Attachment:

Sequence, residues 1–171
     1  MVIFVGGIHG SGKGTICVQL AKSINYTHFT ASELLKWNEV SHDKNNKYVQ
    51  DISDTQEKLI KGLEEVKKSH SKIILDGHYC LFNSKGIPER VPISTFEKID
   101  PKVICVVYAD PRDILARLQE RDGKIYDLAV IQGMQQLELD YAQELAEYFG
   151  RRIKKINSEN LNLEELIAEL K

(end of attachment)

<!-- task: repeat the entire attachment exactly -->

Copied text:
Sequence, residues 1–171
     1  MVIFVGGIHG SGKGTICVQL AKSINYTHFT ASELLKWNEV SHDKNNKYVQ
    51  DISDTQEKLI KGLEEVKKSH SKIILDGHYC LFNSKGIPER VPISTFEKID
   101  PKVICVVYAD PRDILARLQE RDGKIYDLAV IQGMQQLELD YAQELAEYFG
   151  RRIKKINSEN LNLEELIAEL K